JJE or Joint Job Evaluation, refers to a process agreed to by both your employer and your Union that seeks to assess your job classification. In the late 1980’s, Pay Equity legislation was introduced by the Province of Ontario which required employers to create a process that fairly assessed and compared female dominated jobs with male dominated job comparators. The intent was to create equity amongst female and male workers such that the amount of pay a person received was based on the value of their work and not their gender.

The legislation also required that unions in unionised workplaces must play a role in the creation, administration, and maintenance of the job evaluation program.

As such, the Union and the employer agreed that the JJE process would not only address pay equity, but it would also address internal equity. So our program was designed to create equity not only across female and male job classes, but also across the diverse assortment of jobs within our Union local.

Jobs are assessed by a committee containing two management representatives and two union representatives. There is a fifth person who facilitates the meeting, but is not a voting member of the committee.  The committee assesses jobs based on a number of set factors and arrives at a point rating at the end of the process. All four members of the committee must agree in order for the new rating to take effect. The point rating then translates into an appropriate job classification and thus an appropriate pay scale.

The employer satisfied part of its pay equity obligation with the creation of the JJE program; it also has an ongoing obligation to ensure that pay equity is maintained, such that we do not return to an era of gender wage gap. Thus, each position in the 543 compliment is supposed to be reviewed at least once every five years.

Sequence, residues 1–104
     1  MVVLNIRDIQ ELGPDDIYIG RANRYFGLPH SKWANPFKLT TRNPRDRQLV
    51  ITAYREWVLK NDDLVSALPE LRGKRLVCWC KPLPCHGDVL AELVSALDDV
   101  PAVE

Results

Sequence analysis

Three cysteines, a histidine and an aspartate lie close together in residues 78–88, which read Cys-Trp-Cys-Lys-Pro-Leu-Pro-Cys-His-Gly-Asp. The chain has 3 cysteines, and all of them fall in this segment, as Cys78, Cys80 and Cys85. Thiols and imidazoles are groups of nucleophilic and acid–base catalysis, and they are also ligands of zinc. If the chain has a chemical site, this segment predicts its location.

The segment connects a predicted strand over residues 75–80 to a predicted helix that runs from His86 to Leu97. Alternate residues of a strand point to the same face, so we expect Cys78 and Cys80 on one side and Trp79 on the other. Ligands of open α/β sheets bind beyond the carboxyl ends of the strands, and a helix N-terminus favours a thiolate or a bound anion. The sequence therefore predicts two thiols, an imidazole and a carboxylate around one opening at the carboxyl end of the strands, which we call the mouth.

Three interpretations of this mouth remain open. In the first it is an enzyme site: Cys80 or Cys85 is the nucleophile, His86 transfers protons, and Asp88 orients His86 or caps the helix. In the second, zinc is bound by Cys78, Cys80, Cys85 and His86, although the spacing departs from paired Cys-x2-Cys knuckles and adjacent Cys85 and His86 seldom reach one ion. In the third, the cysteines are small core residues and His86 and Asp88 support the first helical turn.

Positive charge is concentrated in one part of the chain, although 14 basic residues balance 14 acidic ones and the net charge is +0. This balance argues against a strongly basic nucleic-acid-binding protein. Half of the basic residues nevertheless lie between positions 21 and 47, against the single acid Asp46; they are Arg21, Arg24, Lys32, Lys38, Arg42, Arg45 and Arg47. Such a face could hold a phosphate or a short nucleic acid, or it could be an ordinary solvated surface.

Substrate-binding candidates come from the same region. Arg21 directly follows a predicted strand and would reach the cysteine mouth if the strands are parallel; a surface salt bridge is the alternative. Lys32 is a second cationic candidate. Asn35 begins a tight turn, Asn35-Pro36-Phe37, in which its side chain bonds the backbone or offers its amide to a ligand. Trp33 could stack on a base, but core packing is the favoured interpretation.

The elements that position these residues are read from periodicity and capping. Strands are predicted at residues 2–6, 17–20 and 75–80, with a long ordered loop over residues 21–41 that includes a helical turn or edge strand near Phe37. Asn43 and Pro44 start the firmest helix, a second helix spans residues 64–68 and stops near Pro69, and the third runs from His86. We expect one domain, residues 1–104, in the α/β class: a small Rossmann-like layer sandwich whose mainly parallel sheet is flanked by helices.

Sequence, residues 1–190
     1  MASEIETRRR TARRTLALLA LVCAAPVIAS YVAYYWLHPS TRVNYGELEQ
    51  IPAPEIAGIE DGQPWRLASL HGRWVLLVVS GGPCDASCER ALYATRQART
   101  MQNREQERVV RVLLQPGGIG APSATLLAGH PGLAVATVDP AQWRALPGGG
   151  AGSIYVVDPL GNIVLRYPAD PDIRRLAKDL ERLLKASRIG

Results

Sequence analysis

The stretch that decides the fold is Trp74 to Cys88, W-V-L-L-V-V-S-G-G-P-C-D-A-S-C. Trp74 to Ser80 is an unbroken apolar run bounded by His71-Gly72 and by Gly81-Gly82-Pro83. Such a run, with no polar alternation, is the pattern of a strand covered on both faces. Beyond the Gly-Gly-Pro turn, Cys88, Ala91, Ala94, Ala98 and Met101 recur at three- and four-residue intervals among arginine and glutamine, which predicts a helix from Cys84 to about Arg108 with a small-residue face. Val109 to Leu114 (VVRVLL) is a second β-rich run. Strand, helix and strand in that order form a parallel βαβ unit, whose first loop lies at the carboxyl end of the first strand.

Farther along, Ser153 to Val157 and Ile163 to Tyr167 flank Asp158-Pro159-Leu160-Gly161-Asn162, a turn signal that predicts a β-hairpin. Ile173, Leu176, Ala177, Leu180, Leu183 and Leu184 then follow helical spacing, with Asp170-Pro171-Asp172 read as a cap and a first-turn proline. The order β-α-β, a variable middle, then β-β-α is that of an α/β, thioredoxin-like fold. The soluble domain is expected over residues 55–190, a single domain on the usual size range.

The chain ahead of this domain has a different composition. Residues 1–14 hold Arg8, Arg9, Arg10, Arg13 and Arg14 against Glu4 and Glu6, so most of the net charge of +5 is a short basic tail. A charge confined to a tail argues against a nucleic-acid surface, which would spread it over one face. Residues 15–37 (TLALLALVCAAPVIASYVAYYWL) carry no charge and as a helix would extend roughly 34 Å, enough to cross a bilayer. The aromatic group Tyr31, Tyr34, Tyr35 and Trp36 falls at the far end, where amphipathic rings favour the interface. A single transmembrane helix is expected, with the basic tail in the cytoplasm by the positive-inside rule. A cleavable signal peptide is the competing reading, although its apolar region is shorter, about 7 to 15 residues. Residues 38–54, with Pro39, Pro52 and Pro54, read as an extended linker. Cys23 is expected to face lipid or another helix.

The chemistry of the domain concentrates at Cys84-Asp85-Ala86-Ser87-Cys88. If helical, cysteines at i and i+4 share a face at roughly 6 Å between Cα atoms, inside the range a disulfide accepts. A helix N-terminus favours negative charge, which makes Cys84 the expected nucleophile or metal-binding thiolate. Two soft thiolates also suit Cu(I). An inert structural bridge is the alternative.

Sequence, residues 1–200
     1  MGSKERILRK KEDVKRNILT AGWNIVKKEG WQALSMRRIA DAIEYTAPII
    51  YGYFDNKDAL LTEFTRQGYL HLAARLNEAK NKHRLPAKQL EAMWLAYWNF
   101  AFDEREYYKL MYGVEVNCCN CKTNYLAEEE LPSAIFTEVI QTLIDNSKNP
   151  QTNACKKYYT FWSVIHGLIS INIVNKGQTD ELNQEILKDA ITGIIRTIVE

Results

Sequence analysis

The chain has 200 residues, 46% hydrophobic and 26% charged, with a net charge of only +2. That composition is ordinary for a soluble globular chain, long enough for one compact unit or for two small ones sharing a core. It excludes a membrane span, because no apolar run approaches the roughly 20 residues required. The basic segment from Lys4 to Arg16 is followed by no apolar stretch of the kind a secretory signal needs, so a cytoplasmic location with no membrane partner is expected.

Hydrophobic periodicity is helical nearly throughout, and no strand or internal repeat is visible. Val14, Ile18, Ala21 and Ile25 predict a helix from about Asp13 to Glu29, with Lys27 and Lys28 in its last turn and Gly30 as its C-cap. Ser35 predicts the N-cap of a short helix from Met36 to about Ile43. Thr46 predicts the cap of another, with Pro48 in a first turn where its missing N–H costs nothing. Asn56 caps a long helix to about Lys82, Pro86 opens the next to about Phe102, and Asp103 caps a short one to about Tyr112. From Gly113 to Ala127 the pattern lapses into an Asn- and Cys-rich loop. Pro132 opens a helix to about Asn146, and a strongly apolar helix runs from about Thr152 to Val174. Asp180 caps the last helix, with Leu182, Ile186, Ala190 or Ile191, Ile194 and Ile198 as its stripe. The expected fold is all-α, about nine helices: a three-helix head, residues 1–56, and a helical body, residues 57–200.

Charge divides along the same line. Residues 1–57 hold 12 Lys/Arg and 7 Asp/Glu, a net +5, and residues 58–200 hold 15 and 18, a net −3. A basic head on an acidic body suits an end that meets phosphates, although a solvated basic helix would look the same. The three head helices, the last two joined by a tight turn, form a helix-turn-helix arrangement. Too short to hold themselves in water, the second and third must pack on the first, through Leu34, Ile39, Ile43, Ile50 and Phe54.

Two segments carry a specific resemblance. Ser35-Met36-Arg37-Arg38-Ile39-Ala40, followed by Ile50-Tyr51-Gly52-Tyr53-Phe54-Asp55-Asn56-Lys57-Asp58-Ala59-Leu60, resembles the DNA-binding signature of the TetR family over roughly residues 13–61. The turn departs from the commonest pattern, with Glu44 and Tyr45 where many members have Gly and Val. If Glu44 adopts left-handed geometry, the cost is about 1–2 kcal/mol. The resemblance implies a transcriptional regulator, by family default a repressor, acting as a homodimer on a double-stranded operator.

What is Pay Equity?

Pay equity refers to equal pay for work of equal value. It is a concept used to describe wage disparity between female dominated and male dominated job classes. The Pay Equity Act required employers to create a process which fairly, reliably, and consistently rates female and using male job comparators.

What is Internal Equity?

A fairness criterion that promotes pay rates that correspond to each job’s relative value to the organization.

Where can I find more information on the Pay Equity Act?

Link to the Act http://www.e-laws.gov.on.ca/html/statutes/english/elaws_statutes_90p07_e.htm

Link to the Commission http://www.payequity.gov.on.ca/en/index.php

Where do I find information on our JJE procedure?

The JJE procedure can be found in your collective agreement. In the absence of the new collective agreement, you can find details on the procedure beginning on page on page 89 of the 2009-2012 Collective Agreement (red cover).

Who sits on 543.1’s JJE Committee?

The Committee consists of four voting members and one nonvoting facilitator. Of the four voting members, two are chosen by the employer and come from management ranks and two are chosen by your Union.

The four voting members must agree on the rating for each factor. If the committee cannot come to an agreement, then they are considered in non-consensus. When a committee fails to agree on one or more factors, the factor or factors not agreed to are sent to an agreed upon JJE Referee to make the final decision.

How do I request a JJE package for my Job position?

You request your JJE package from the Human Resources Department, located at 400 City Hall Square. The department is located on the 4th floor. In order to receive the package as quickly as possible, please provide HR with your job code (found on pages 75-87 of your 2009-2012 Collective Agreement, red cover) and job title.

Where do I find my Job Code?

Your Job Code is found on pages 75-87 of your 2009-2012 Collective Agreement, red cover

Meet Our Members

Trudy Richards Autism

Meet 543.1 Member Trudy Richards